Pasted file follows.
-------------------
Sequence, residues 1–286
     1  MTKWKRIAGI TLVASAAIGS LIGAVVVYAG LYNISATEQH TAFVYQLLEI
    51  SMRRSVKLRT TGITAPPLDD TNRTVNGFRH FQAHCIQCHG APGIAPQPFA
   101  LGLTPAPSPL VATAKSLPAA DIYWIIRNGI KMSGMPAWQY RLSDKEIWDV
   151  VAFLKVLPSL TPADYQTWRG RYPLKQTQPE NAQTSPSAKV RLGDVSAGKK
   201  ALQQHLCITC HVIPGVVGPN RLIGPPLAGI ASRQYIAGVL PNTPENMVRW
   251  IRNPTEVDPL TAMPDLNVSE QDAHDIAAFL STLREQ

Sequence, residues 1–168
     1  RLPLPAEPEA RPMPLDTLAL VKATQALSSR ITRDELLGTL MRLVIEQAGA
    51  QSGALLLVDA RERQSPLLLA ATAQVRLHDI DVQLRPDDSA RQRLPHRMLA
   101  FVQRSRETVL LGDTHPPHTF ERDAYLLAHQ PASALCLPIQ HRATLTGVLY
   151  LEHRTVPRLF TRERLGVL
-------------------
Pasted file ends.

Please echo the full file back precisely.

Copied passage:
Sequence, residues 1–286
     1  MTKWKRIAGI TLVASAAIGS LIGAVVVYAG LYNISATEQH TAFVYQLLEI
    51  SMRRSVKLRT TGITAPPLDD TNRTVNGFRH FQAHCIQCHG APGIAPQPFA
   101  LGLTPAPSPL VATAKSLPAA DIYWIIRNGI KMSGMPAWQY RLSDKEIWDV
   151  VAFLKVLPSL TPADYQTWRG RYPLKQTQPE NAQTSPSAKV RLGDVSAGKK
   201  ALQQHLCITC HVIPGVVGPN RLIGPPLAGI ASRQYIAGVL PNTPENMVRW
   251  IRNPTEVDPL TAMPDLNVSE QDAHDIAAFL STLREQ

Sequence, residues 1–168
     1  RLPLPAEPEA RPMPLDTLAL VKATQALSSR ITRDELLGTL MRLVIEQAGA
    51  QSGALLLVDA RERQSPLLLA ATAQVRLHDI DVQLRPDDSA RQRLPHRMLA
   101  FVQRSRETVL LGDTHPPHTF ERDAYLLAHQ PASALCLPIQ HRATLTGVLY
   151  LEHRTVPRLF TRERLGVL